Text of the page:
Results

Identification of RAD genes in Gossypium species

In this study we used different bioinformatic analysis to identify RAD genes in various plant species. We identified 17 RAD genes in G. hirsutum, 16 genes in G. barbadense, eight genes each in G. herbaceum and G. arboreum and nine genes in G. raimondii. Furthermore, we also identified 10 RAD genes in Arabidopsis. SMART (http://smart.embl-heidelberg.de/), PROSITE (http://prosite.expasy.org/) and InterProscan 63.0 (http: //www.ebi.ac.uk/interpro/) were used for confirmation of RAD genes in different species. We found that among all the selected plant species, G. hirsutum had the highest number of RAD genes (Table S1) elucidating that during hybridization, GhRAD genes underwent polyploidization and experienced significant dupli- cation events. The biophysical properties of the GhRAD genes including number of amino acids, chromosomal position, isoelectric point, molecular weight, grand average of hydropathicity and protein localization were observed (Table S2). The number of amino acids of GhRAD proteins range from 885 (GhRAD1) to 1374 (GhRAD13). The isoelectric point (pI) of GhRAD genes range from 5.26 (GhRAD14) to (9.04) (GhRAD8). Molecular weight ranges from 76561.78 Da (GhRAD11) to 151381.67 Da (GhRAD13). Moreover, predicted subcellular localization indicated that out of 17 GhRAD genes 16 genes were located in the nucleus while only one gene was located in the cytoplasm.

Phylogenetic analysis, structural features, conserved domain and motifs analysis of GhRAD genes

To study the phylogenetic relationships of RAD gene family, 68 genes from six plant species were used to create a phylogenetic tree (Fig. 1). RAD genes were classified into five clades with 24 members in RAD-a clade, nine members in RAD-b, 14 members in RAD-c while RAD-d and RAD-e contained 18 and two members respectively. RAD-a with maximum number of genes contained RAD proteins from all six plant species while RAD-e, the smallest clade contained two genes from G. hirsutum and G. raimondii. All five clades contained genes from six species except RAD-e and one gene of Arabidopsis (AtRAD6) did not fall in any clade. Moreover, we created another phylogenetic tree to explore the evolutionary relationship between G. hirsutum and Arabidopsis (Fig. S1). Phylogenetic tree divided 17 G. hirsutum and 10 Arabidopsis RAD genes into three clades. Rad-c was the largest clade with 12 members, while Rad-b was the smallest one with four members. GhRAD9 did not fall in any clade, demonstrating that this genes was dissimilar from each other and it has some special function in species evolution.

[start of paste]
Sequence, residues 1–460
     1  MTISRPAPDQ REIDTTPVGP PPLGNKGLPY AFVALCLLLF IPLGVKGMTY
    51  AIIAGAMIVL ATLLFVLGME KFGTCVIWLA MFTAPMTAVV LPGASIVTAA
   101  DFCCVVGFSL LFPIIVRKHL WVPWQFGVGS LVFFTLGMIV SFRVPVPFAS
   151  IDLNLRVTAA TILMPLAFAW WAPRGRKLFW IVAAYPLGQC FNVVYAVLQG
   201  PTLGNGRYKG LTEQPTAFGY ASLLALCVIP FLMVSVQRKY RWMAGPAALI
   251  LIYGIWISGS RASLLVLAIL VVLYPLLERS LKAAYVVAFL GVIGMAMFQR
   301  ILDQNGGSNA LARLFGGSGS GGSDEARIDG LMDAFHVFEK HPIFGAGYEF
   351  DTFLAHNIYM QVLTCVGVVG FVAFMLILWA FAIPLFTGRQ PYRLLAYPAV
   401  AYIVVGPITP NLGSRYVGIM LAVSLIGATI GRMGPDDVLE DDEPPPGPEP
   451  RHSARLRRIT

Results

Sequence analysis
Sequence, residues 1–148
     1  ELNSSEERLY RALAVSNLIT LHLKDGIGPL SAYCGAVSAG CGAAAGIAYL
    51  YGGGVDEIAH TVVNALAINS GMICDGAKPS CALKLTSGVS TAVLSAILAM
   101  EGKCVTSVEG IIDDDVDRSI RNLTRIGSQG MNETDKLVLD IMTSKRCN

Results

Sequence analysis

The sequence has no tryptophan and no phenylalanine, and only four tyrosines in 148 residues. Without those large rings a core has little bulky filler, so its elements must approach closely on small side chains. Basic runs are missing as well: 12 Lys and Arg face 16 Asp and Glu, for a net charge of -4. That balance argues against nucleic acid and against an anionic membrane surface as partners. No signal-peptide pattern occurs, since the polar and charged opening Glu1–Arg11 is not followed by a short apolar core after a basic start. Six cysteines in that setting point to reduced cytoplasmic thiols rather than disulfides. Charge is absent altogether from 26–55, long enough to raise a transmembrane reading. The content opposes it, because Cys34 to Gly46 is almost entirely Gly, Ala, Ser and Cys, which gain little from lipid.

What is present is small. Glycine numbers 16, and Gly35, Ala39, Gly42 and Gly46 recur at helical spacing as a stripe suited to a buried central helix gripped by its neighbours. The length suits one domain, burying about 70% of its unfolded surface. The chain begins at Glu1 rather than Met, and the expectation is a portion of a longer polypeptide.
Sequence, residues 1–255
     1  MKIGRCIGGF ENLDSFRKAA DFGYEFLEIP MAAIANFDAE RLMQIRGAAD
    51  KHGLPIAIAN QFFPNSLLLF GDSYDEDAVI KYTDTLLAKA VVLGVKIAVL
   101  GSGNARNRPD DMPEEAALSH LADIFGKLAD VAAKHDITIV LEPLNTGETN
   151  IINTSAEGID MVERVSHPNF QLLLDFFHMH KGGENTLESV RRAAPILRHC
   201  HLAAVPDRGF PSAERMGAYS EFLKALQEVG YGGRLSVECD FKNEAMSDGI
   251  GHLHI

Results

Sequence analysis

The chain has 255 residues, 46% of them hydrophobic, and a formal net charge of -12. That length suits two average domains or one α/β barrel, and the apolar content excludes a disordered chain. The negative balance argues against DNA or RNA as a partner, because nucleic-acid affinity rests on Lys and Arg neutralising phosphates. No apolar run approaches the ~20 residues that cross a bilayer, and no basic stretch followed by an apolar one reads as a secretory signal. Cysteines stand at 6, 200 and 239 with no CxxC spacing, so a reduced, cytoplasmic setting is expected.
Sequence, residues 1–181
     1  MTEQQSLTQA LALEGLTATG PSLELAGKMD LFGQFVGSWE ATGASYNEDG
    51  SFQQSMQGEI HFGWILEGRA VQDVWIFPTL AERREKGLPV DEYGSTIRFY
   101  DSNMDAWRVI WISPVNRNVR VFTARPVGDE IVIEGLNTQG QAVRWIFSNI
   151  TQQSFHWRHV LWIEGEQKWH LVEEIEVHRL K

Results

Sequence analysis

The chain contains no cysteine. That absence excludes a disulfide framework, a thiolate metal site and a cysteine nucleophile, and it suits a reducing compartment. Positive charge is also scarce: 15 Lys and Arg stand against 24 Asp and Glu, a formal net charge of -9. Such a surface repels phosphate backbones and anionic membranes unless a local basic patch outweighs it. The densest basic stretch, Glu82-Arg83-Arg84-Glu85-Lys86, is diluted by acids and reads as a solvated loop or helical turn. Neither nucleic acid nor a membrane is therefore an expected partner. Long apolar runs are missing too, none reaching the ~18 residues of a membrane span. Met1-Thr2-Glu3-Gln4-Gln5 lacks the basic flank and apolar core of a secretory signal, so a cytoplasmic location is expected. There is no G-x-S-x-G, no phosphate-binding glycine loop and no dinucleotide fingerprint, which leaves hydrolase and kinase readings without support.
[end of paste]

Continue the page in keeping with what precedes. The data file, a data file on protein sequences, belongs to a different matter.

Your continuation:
Fig. 1
figure 1

Phylogenetic analysis of RAD proteins in six different species. Prefixes Gh, Gb, Ghe, Ga, Gr and At were used to identify RAD genes from G. hirsutum, G. barbadense, G. herbaceum, G. arboreum, G. raimondii and Arabidopsis

Next to study the structural features of GhRADs, we analyzed the exon and intron structure, conserved domain and motifs using the GSDS program and MEME tool respectively. Multiple numbers of exons in GhRAD genes ranging from 3 to 24 were observed (Fig. S2). Maximum number of exons were present in GhRAD9 while GhRAD8 had minimum number of exons. Similarly, GhRAD9 contained the highest number of introns while GhRAD16 contained two introns. Number of introns ranged from 2 to 23 for GhRAD genes. GhRAD11 had the longest genomic sequence of more than 8 kb while GhRAD16 had the shortest genomic sequence of 4 kb. Next, we analyzed the conserved domain of GhRAD proteins. Results of conserved domain analysis showed that all GhRAD proteins contain SNF2_N superfamily domain (Fig. S3). Furthermore, we analyzed the motif distribution pattern of GhRADs and found that ten conserved motifs were identified in GhRAD proteins (Fig. S4). Results indicated that GhRAD genes had conserved gene structure and protein motif distribution pattern although the process of gene duplication took place a long time ago during evolution.

Chromosomal position information and synteny analysis

Chromosomal position of GhRADs exhibited that 17 GhRADs were distributed unevenly to 11 chromosomes. Out of 17 genes, six genes were mapped on At sub-genome, while nine GhRAD genes were mapped on Dt subgenome and two genes were present in the form of scaffolds (Fig. S5). This uneven distribution pattern of GhRAD genes on chromosomes illustrated the presence of genetic variability during the evolutionary process. More deeper insights showed that the maximum number of genes were mapped on chromosome D02. Most chromosomes contained a single GhRAD gene and no gene was located on chromosome A02 and A04 of At sub-genome as well as chromosome D03 of Dt sub-genome.

Collinearity analysis between orthologs of At and Dt sub genomes revealed that the different GhRAD and GbRAD loci showed significantly conserved pattern among At and Dt sub-genomes (Fig. 2 A and B and Table S3, S4). Our results indicated that At and Dt sub-genomes are orthologous in the A genome (G. arboreum) or D genome (G. raimondii). Upland cotton (G. hirsutum) was produced after hybridization between G. arboreum and G. raimondii. In our study, 112 and 15 orthologous/paralogous gene pairs were identified in G. hirsutum and G. barbadense respectively.

Fig. 2
figure 2

Collinearity analysis of GhRAD and GbRAD genes. Orthologous/paralogous gene pairs were indicated by blue color lines